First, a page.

Diane Peterson vows this is the year she'll learn to ski.
Three months ago, and 60 pounds heavier, she never imagined it would be possible -- she didn't even like moving around her apartment.
Peterson said Thursday she has another 70 pounds to lose, but she doesn't worry about getting there.
"I get up in the morning and I have energy, where before I'd sit around all day and I could sleep all day," Peterson said.
Peterson slowly gained weight for 20 years, until she was nearly 300 pounds. Like many of us she unsuccessfully tried various diets, even hypnosis.
So she went a more traditional route: eating smart, exercising any time she can and finding strength in numbers.
"It makes me accountable, you know, the support group and stuff," She said. "And it's fun to go and hear other people talk about the same thing, and that they're still struggling and stuff too."
Andy Elliott started a weight loss group in Bend to make friends, and to help people struggling to lose weight.
Peterson joined in October, and Elliott said she is an inspiration to everyone.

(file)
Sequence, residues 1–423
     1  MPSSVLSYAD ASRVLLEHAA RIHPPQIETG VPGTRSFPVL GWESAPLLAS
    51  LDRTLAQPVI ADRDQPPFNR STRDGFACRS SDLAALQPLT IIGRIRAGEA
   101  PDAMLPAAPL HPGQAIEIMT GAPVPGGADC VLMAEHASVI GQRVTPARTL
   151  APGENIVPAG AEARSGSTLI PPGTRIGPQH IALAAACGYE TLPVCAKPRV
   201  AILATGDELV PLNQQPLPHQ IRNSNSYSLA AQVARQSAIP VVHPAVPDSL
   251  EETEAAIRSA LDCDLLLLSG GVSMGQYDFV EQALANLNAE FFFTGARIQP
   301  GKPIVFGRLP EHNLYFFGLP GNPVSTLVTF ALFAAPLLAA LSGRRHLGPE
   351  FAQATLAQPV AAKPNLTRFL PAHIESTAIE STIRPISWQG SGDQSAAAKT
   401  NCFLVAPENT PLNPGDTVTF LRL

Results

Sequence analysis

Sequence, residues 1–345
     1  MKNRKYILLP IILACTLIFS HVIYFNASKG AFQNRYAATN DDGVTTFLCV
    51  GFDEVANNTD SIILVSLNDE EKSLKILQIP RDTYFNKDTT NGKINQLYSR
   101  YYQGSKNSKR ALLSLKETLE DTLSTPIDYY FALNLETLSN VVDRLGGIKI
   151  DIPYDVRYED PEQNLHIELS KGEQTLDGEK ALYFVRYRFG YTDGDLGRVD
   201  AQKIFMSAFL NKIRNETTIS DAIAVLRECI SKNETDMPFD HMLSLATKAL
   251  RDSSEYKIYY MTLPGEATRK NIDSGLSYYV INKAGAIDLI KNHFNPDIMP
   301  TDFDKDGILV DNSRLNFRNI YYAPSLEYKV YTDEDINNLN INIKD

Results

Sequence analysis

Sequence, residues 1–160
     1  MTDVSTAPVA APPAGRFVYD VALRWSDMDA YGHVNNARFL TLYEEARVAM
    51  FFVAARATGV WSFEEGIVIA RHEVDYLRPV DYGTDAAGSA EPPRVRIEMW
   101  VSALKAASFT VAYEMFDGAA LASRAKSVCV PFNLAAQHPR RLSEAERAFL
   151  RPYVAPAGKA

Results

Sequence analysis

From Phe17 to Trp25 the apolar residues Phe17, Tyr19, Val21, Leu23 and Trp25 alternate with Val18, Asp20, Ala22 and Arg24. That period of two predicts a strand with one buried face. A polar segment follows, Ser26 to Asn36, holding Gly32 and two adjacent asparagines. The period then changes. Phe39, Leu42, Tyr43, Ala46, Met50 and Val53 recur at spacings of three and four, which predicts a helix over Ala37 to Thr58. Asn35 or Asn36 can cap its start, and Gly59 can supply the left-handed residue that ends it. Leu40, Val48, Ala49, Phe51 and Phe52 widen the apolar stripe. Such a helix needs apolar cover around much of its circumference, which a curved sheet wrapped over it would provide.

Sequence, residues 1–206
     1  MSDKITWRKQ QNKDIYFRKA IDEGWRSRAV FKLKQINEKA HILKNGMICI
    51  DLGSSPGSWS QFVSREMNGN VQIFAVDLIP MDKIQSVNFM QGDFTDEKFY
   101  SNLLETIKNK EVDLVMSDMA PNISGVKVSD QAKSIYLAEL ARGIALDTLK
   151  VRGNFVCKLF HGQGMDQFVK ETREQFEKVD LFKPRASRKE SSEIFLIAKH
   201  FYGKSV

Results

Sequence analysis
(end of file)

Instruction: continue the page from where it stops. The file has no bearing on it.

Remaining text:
But what makes him really proud has nothing to do with weight.
"One time I called her, and she had been on a trip with her daughter and they went hiking at the beach or somewhere," Elliott said. "And I asked how was the trip and how it had been like, and she was like, 'I made it all the way to the end of the hike! I made it all the way!' And to me that's really cool, because that's relational,"
Peterson now has a better relationship with her daughter -- and herself.
"I'm happy! Three months ago, I'd be sitting here all depressed, and I'd go back to sleep," she said.
Now, her smile and enthusiasm for life is infectious. She celebrates the big things, like cutting her insulin for her diabetes in half, and her new-found excitement to go shopping.
"One of my passions is to go shopping in a regular clothing store and be able to pick something out," Peterson said.
And she doesn't take the little things for granted.
"I can get out of my car easier, too," she added.
About 20 percent of Americans will make a resolution to lose weight. But only about 8 percent will succeed.
Peterson said that percentage would go up if people didn't try to lose weight alone.
"I wouldn't have the support, and I would be accountable," she said.
Peterson said the first few days of her diet were miserable -- but the success and being able to share it with others makes it worth it.